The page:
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Donnie Darko: Director's Cut


. "Donnie Darko: Director's Cut"

A strange title; a strange story; a film that journeys outside any known genre guidelines. When you take a small town boy who's a rebel at school and in his suburban home, that's one thing. But when an antennaed rabbit with the secrets of the universe starts visiting him from some alternate time-space warp, we seem to be in Steven King territory.

Teenager Donnie Darko (Jake Gyllenhaal) is on medication. His delusions and erratic, rebellious behavior are well known to his family and a growing problem at school where he just won't adjust, or accept teachers' inadequacies or tendencies to create falsehood. Mom and dad are constantly reminding him to take his pills but, even when he does, he sees the rabbit and they don't.

Is this a delusion to help him cope with pain over his dissilusionment with an unsatisfactory and mendacious society? Or is it an advisory council, as it purports to be, from somewhere out in writer-director Richard Kelly's universe. The answer to that might be suggested when an airline engine falls out of the skies dead smack into his bedroom. Jarring, but he seems to have been in another place at the time. Needless to say, everyone's freaked out.

Except Donnie, who seems to be discovering a power to alter time and destiny and, at the same time, is discovering love.

But this mixture of screen elements aren't nearly as unfamiliar as the film's strange path in the marketplace where it was, at first, rejected and forgotten. Was it too edgy for its time, despite the participation of a pre-stardom stellar cast? I mean, like Jake's wondrous sister Maggie, cute Jena Malone, academic touch-stone Noah Wylie, slime-ball Patrick Swayze, Katharine Ross and valiant Drew Barrymore who doubles as actual co-producer!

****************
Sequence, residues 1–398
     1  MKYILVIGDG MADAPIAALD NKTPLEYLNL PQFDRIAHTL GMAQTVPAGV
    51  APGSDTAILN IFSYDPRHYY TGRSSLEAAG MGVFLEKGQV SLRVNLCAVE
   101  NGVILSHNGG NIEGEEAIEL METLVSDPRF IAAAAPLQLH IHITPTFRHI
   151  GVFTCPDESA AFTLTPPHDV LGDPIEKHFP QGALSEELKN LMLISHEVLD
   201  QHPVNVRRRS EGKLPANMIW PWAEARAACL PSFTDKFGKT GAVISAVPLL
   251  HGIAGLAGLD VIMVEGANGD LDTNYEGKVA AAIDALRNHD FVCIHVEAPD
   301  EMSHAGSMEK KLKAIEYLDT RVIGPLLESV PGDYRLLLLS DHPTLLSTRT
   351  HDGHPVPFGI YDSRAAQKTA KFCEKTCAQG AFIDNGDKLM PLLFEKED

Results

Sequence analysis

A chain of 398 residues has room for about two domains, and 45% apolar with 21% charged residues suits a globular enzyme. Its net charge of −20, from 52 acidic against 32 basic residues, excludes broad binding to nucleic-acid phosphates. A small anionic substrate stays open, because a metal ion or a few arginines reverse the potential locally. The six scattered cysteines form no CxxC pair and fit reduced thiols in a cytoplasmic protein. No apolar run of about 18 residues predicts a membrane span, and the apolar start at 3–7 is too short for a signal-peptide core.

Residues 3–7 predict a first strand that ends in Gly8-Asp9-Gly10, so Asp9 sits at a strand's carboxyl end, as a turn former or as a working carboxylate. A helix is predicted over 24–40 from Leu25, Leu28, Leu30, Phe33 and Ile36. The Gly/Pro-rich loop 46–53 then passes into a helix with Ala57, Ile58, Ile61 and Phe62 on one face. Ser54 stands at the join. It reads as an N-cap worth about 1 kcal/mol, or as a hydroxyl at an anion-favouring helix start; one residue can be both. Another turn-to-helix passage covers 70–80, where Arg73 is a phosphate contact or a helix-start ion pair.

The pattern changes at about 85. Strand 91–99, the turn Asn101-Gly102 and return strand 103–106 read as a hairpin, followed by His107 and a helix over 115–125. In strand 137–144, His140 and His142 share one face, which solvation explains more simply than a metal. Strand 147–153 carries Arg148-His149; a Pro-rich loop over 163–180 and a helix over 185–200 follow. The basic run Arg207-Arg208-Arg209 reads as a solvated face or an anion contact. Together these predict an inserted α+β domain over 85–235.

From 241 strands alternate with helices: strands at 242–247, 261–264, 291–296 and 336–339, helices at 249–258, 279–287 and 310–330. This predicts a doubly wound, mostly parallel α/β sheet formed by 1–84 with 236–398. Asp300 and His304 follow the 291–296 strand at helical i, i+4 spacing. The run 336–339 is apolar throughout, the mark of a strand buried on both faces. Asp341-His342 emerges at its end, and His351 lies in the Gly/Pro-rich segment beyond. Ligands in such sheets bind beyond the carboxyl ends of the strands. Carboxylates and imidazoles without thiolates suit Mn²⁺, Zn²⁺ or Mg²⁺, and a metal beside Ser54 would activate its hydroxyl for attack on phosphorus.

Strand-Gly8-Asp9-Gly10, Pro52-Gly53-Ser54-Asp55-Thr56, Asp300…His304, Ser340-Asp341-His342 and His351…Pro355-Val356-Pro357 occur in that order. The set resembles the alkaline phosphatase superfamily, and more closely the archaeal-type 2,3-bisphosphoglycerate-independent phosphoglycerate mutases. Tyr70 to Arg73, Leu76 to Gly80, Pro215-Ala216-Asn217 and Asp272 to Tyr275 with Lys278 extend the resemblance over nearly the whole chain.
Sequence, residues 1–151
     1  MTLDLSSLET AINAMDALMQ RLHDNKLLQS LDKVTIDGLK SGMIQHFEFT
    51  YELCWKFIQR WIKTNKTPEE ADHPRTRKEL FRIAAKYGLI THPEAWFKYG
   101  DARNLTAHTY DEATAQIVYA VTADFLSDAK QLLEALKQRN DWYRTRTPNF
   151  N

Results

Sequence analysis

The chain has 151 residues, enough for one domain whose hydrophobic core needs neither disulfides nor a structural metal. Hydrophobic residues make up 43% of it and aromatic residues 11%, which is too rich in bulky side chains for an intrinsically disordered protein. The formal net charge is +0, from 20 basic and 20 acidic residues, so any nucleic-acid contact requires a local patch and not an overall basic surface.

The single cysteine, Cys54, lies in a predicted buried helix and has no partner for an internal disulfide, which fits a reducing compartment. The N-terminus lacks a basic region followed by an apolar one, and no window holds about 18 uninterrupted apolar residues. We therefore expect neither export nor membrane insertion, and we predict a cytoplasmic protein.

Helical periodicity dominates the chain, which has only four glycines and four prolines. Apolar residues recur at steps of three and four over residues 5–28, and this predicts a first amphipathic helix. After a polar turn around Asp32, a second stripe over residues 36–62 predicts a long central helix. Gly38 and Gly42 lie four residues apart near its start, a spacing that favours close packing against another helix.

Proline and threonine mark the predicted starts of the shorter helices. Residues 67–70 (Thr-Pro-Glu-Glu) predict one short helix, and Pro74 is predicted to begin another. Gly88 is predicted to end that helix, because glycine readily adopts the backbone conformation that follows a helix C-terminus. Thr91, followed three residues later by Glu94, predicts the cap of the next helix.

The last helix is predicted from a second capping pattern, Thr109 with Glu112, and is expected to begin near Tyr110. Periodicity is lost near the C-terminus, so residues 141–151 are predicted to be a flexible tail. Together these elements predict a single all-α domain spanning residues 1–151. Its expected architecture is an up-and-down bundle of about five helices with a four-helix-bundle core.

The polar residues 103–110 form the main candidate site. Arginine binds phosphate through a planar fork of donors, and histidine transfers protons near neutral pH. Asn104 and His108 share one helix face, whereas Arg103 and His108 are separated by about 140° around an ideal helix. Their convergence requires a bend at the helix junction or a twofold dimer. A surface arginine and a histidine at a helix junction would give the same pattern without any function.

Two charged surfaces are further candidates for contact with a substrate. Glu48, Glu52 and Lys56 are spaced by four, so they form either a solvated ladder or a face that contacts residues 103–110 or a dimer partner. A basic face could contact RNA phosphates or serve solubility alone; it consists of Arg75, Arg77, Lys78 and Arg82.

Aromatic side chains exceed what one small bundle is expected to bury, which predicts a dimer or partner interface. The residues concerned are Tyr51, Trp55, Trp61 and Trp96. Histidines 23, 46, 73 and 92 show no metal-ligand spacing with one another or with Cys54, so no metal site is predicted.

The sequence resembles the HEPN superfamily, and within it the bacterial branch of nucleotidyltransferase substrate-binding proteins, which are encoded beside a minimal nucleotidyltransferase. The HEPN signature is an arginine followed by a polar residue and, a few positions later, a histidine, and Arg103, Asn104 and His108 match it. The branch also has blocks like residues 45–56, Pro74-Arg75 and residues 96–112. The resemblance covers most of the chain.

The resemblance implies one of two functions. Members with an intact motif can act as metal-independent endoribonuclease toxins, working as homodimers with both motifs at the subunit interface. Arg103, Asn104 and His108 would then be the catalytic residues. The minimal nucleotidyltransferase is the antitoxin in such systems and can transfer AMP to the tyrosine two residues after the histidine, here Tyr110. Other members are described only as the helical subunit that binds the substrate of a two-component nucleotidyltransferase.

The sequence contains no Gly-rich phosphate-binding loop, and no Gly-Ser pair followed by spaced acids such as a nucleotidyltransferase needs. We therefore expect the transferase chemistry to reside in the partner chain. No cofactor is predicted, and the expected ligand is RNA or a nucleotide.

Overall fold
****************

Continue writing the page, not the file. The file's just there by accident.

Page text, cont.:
Just as Donnie Darko wasn't meant for this orbit of the solar system as we think we know it, the film, originally released just after 9/11, refused its early placement in oblivion. Wouldn't you know the midnight screeners would take to its demented weirdness and sardonic humor played as straight ahead seriousness? (It was a midnight movie at the 100-seat Two Boots Pioneer Theater in Manhattan's East Village for two years running). Then, it hit the DVD racks, and a cult classic was born and nurtured.

So much interest has been boiling since that a re-release, with 20 additional minutes woven in, results in this old/new non-sequel for exposure to audiences who have been awakened like so many movie fans zombied out on its originality. That explains the strange title and the phenomenon. As for its destiny, its bottom line is bringing to our attention a new writer-director on the scene with a somewhat fearless and singular vision who thinks nothing of sprinkling suburban family life with a little space dust.

Those who are brought down by the film's sense of lonely disattachment might just feel that the lengthened version of the genre-busting fable isn't much more appealing than it was first time out. No doubt, though, there is an appreciative audience for it for others who embrace parallel realities, like for people who got behind "Adaptation," perhaps.

                                      ~~  Jules Brenner  


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Donnie Darko and his rabbit

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